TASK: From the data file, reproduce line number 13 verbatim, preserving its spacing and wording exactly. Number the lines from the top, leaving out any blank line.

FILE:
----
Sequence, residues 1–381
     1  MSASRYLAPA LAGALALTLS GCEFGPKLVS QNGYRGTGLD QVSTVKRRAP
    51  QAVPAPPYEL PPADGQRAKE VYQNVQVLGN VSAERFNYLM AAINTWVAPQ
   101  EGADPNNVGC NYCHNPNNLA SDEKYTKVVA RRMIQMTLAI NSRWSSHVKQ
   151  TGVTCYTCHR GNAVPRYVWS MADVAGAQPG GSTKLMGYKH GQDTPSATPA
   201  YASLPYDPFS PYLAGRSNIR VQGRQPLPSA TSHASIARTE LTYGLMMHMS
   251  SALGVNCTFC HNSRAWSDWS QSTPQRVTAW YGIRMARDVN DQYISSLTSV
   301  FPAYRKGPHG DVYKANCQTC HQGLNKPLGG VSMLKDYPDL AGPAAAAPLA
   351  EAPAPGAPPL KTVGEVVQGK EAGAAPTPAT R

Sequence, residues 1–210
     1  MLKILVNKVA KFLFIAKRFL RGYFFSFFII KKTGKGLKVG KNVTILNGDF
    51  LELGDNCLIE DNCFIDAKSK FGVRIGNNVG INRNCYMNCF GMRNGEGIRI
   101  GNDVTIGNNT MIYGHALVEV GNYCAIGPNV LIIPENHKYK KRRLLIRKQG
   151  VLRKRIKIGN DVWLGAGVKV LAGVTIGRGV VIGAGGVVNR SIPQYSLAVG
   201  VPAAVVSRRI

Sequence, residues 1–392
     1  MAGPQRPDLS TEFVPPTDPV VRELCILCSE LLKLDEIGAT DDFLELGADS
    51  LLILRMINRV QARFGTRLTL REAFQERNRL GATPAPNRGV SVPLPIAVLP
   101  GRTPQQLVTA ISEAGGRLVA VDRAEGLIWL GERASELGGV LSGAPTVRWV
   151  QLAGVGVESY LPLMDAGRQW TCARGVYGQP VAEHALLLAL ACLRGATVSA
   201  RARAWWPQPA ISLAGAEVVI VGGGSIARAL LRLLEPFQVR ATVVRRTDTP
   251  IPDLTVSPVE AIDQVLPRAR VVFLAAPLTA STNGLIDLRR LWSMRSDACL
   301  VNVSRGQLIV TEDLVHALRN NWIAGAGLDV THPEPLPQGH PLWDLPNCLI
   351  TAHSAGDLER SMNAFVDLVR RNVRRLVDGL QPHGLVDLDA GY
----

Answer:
   101  GNDVTIGNNT MIYGHALVEV GNYCAIGPNV LIIPENHKYK KRRLLIRKQG